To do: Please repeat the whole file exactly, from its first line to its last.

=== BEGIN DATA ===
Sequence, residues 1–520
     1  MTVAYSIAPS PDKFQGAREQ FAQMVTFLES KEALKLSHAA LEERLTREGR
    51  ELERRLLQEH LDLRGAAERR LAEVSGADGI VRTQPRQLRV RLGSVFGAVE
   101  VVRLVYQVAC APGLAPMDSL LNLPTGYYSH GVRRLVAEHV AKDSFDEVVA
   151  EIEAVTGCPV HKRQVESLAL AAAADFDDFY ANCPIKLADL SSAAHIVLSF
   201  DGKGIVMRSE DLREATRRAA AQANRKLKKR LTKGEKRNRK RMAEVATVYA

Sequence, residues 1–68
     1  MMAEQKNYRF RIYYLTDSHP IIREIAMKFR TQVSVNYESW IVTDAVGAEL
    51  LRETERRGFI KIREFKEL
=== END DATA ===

Sequence, residues 1–520
     1  MTVAYSIAPS PDKFQGAREQ FAQMVTFLES KEALKLSHAA LEERLTREGR
    51  ELERRLLQEH LDLRGAAERR LAEVSGADGI VRTQPRQLRV RLGSVFGAVE
   101  VVRLVYQVAC APGLAPMDSL LNLPTGYYSH GVRRLVAEHV AKDSFDEVVA
   151  EIEAVTGCPV HKRQVESLAL AAAADFDDFY ANCPIKLADL SSAAHIVLSF
   201  DGKGIVMRSE DLREATRRAA AQANRKLKKR LTKGEKRNRK RMAEVATVYA

Sequence, residues 1–68
     1  MMAEQKNYRF RIYYLTDSHP IIREIAMKFR TQVSVNYESW IVTDAVGAEL
    51  LRETERRGFI KIREFKEL